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How to convert a char[256] to wstring?

update. here is my current code:

char testDest[256];
char *p= _com_util::ConvertBSTRToString(url->bstrVal);

for (int i = 0; i <= strlen(p); i++)
  testDest[i] = p[i];   

// need to convert testDest to wstring to I can pass it to this below function...

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-1, as you shouldn't be introducing an unnecessary char[] in the first place. –  MSalters Sep 28 '10 at 12:02

2 Answers 2

up vote 4 down vote accepted

If your input is BSTR (as it seems to be) the data is already Unicode and you can just cast this directly to wstring as follows. _bstr_t has implicit conversions to both char* and wchar* which avoid the need for manual Win32 code conversion.

if (url->bstrVal)
    // true => make a new copy - can avoid this if source 
    // no longer needed, by using false here and avoiding SysFreeString on source

    const _bstr_t wrapper(url->bstrVal, true); 
    std::wstring wstrVal((const _wchar_t*)wrapper);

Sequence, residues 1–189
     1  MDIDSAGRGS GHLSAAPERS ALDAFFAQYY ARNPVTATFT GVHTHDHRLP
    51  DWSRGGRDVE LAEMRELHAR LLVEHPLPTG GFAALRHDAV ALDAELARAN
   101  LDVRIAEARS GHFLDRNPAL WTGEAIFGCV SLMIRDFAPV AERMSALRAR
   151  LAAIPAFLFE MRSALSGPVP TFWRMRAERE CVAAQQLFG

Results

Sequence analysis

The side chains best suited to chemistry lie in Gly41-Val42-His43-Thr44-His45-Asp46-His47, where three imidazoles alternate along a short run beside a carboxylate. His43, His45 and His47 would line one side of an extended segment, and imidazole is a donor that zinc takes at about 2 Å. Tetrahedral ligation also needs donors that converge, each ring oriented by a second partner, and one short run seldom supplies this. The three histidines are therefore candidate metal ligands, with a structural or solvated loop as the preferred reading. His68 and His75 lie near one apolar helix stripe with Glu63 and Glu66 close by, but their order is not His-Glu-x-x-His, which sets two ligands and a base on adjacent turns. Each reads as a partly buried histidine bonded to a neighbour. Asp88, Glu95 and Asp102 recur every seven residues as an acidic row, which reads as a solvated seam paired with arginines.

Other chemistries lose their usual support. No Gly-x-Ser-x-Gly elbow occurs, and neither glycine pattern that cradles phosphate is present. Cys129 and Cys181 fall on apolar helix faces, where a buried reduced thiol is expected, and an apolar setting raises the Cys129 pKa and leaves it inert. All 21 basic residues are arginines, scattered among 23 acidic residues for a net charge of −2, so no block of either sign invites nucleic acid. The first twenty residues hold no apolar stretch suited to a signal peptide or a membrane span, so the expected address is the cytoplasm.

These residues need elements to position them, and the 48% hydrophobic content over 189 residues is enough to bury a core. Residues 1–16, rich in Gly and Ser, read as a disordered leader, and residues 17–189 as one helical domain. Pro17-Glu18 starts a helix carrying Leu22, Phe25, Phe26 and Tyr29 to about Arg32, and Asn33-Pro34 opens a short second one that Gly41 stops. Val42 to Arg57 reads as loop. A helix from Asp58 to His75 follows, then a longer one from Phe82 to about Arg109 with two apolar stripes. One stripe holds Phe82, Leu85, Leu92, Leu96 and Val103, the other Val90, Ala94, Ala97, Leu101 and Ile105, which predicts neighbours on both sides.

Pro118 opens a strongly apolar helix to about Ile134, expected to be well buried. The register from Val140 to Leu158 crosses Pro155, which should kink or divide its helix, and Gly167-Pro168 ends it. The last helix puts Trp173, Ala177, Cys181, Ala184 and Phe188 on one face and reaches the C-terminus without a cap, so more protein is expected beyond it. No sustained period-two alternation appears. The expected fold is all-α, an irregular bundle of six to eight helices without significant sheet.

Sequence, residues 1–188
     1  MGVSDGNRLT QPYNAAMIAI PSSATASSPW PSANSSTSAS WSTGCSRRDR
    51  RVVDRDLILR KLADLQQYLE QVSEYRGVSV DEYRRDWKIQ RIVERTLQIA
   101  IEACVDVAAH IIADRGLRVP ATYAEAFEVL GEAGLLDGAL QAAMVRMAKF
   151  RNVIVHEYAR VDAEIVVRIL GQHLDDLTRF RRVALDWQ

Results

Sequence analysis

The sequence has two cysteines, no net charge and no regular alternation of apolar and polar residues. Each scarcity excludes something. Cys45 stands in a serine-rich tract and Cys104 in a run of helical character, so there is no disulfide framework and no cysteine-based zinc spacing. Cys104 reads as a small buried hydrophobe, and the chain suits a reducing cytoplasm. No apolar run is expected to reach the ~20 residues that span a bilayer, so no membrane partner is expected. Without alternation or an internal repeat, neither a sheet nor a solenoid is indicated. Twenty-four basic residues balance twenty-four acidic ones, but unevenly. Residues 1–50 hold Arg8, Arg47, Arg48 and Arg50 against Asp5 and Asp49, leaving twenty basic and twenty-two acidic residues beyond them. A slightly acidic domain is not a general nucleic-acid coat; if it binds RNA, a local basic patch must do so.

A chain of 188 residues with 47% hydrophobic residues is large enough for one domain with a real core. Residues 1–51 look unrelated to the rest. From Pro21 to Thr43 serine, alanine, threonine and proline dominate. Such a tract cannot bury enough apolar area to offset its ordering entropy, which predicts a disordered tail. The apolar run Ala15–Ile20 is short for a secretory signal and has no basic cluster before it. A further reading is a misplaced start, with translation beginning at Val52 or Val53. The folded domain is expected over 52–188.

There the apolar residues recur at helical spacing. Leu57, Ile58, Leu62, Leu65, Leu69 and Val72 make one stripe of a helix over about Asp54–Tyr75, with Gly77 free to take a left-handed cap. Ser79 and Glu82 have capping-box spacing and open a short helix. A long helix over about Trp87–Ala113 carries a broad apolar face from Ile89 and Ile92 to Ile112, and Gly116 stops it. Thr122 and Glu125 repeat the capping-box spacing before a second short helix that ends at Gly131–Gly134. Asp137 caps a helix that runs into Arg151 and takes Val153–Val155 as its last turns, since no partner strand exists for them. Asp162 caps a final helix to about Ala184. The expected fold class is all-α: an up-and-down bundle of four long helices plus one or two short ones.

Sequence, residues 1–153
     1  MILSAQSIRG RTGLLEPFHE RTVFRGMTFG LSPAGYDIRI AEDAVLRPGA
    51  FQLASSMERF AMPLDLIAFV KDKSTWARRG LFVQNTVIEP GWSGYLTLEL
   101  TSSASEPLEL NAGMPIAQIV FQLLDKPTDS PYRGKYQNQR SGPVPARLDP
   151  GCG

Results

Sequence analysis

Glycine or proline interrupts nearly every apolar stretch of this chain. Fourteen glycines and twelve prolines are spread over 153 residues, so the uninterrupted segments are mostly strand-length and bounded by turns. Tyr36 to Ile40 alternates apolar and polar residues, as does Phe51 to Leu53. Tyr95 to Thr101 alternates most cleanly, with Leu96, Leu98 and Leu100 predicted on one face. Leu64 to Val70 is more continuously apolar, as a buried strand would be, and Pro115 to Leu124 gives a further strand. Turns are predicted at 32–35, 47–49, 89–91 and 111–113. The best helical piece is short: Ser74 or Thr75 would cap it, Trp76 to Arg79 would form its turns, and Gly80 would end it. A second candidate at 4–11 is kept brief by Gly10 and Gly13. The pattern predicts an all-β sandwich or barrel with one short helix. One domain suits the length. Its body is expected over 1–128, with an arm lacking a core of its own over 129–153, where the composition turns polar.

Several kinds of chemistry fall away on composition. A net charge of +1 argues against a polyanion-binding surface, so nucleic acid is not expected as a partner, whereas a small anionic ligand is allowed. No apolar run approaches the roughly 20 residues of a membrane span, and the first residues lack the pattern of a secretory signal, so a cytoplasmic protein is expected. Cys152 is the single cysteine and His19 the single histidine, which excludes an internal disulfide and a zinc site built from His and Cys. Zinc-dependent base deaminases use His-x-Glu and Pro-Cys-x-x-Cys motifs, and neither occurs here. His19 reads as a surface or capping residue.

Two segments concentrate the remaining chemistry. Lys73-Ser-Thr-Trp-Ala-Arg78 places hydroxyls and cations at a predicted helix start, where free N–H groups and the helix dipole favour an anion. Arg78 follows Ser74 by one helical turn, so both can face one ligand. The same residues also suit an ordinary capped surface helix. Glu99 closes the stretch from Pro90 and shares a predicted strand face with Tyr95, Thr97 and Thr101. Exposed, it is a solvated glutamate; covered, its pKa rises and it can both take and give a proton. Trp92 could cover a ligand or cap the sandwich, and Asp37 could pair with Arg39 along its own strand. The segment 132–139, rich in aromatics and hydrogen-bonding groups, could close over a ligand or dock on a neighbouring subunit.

See here for more details on this area of Windows usage. It's easy to mess up the use of the Win32 API in this area - using the BSTR wrapper to do this avoids both data copy (if used judiciously) and code complexity.

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This is the better answer - the conversion through char[] is not lossless. –  MSalters Sep 28 '10 at 12:00
Will wstring take care of null BSTR? –  sharptooth Sep 28 '10 at 13:10
My experience is that passing NULL to string causes access violation and I would expect the same with wstring. I would check this before constructing _bstr_t and handle appropriately. Edited code to show this guard. –  Steve Townsend Sep 28 '10 at 13:18
Okay, +1 now... –  sharptooth Sep 28 '10 at 13:31
In fact, the standard explicitly said that passing MULL to the std::string constructor taking a const char* is invoking UB. –  sbi Sep 29 '10 at 9:27

MultiByteToWideChar will return a UTF-16 string. You need to specify the source codepage.

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Oh, I had somehow missed the visual-c++ tag. On Windows, this is the way to go. +1 from me. –  sbi Sep 28 '10 at 8:12
+1, but beware of null BSTRs - they correspond to empty strings and can crash an unaware program. –  sharptooth Sep 28 '10 at 13:09

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